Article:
Michelle Dresbold's career sounds fascinating. She's an abstract impressionist painter, but also the only civilian to attend the U.S. Secret Service's advanced document-examination training on forgery and handwriting identification. It's expertise she's used to spot phony will signatures, and in dozens of criminal cases with Pittsburgh police and county district attorney's and coroner's offices.
However, her book Sex, Lies, and Handwriting: A Top Expert Reveals the Secrets in Your Handwriting (Free Press), co-authored by James Kwalwasser, and now in paperback, concerns another of her obsessions. "I wanted this to be more like a juicy novel," says Dresbold, a Pittsburgh native and resident. And juice there is, mostly the sanguinary kind.
Dresbold analyzes serial killers, swindlers, perverts and plain jerks via "handwriting personality profiling," or graphology. The book targets the telling pen strokes of such infamous rogues as Jack the Ripper and Jim Jones.
Dresbold suggests that readers keep an open mind about what the book calls "brainwriting." But even so, within the first 40 pages, some of her bold, fundamental claims seem questionable: Handwriting zones correspond to zones of the body; parts of the cursive pronoun "I" represent the writer's mother and father. The book's bubbly prose doesn't provide evidence for these or many other claims, which seem to rest entirely on analogy.
But Dresbold, interviewed by phone from San Francisco, says evidence is out there, from Confucius and Aristotle to early 20th-century psychiatrists. "So there's been studies from all over the world on the correlation between handwriting and personality."
Why, then, does the book rely almost exclusively on Dresbold's blithe readings of individual criminals, politicians, and celebrities -- whose personality traits she surely knew before she saw their slanted t-bars or curly strangler strokes? Even the anonymous letters to her syndicated newspaper column, "The Handwriting Doctor," reprinted in the book, always provide biographical and situational data along with a handwriting sample.
Besides, correlation does not demonstrate underlying causes of behavior, especially in such a multi-factored construct as personality. To judge it based on handwriting alone -- as Dresbold claims to do for the police, nervous spouses and employers -- is risky, not to mention inadmissible in court.
Dresbold, however, says that causation is demonstrated. She cites an exercise from Chapter 1, in which the writer draws sharp angles and then curves. "And the person, inside, can feel how the movements of the hand are reflected in your emotion. And then I will go from one step to the next to the next." How those steps lead to the supposedly dangerous slant of the "diabolical d," to choose just one example, is never explained.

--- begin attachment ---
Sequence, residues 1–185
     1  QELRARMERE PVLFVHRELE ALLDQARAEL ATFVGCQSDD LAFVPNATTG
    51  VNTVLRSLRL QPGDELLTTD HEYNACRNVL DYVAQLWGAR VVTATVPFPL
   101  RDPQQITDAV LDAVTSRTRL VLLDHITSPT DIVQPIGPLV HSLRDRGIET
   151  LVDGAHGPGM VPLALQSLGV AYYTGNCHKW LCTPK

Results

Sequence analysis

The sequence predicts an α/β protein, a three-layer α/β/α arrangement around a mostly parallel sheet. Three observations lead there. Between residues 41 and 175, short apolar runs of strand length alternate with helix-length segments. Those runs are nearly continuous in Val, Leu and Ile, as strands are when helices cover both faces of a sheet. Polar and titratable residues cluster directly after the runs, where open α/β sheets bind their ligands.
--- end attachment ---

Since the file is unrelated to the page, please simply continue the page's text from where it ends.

"It's not like astrology or palm-reading or tea-leaf reading," says Dresbold, perhaps anticipating common comparisons between graphology and such cold readings. "I'm reading the person's choice, whether it's conscious or subconscious, of what they're actually putting on a page."
One controlled study to assess graphology's validity found that a letter's content, not its handwriting, was the key to personality prediction, and that graphologists and untrained readers performed equally well. But Dresbold questions the expertise of the "trained" participants of such studies. "If you really did studies of people like me who are extremely well trained, I think the correlation between personality and handwriting would be way, way up there."
Dresbold may indeed be exceptionally intuitive, and many of her reported insights sound remarkable. (Though they're still worth double-checking: In the book's introduction, Dresbold says she once told police a child's scrawled plea for help showed "absolutely no signs of stress or danger, so the writer is definitely not a kidnap victim," which proved true. However, an Oct. 18, 1997, Pittsburgh Post-Gazette story about the case says, "Dresbold couldn't tell detectives whether the printing was done under stress.")
It's a shame -- or perhaps a service -- that Sex, Lies, and Handwriting fails to prove the author's personality-profiling techniques. Regrettable, too, is that all this overshadows Dresbold's legitimate forensic work, which has solved local crimes like an arson in Oakland and voter fraud in Kennedy. Now that might make a good book.
- Michelle Dresbold explores poison penmanship.